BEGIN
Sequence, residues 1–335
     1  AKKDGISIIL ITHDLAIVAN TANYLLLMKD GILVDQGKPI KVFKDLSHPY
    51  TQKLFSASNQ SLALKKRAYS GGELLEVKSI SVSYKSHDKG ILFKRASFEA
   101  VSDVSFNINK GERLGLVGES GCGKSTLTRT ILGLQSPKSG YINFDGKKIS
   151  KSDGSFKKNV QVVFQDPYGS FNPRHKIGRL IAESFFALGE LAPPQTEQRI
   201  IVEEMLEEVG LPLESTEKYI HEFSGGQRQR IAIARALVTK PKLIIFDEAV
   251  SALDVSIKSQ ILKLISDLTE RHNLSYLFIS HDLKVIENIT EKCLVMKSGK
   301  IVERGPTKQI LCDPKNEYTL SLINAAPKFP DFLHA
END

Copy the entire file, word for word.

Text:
Sequence, residues 1–335
     1  AKKDGISIIL ITHDLAIVAN TANYLLLMKD GILVDQGKPI KVFKDLSHPY
    51  TQKLFSASNQ SLALKKRAYS GGELLEVKSI SVSYKSHDKG ILFKRASFEA
   101  VSDVSFNINK GERLGLVGES GCGKSTLTRT ILGLQSPKSG YINFDGKKIS
   151  KSDGSFKKNV QVVFQDPYGS FNPRHKIGRL IAESFFALGE LAPPQTEQRI
   201  IVEEMLEEVG LPLESTEKYI HEFSGGQRQR IAIARALVTK PKLIIFDEAV
   251  SALDVSIKSQ ILKLISDLTE RHNLSYLFIS HDLKVIENIT EKCLVMKSGK
   301  IVERGPTKQI LCDPKNEYTL SLINAAPKFP DFLHA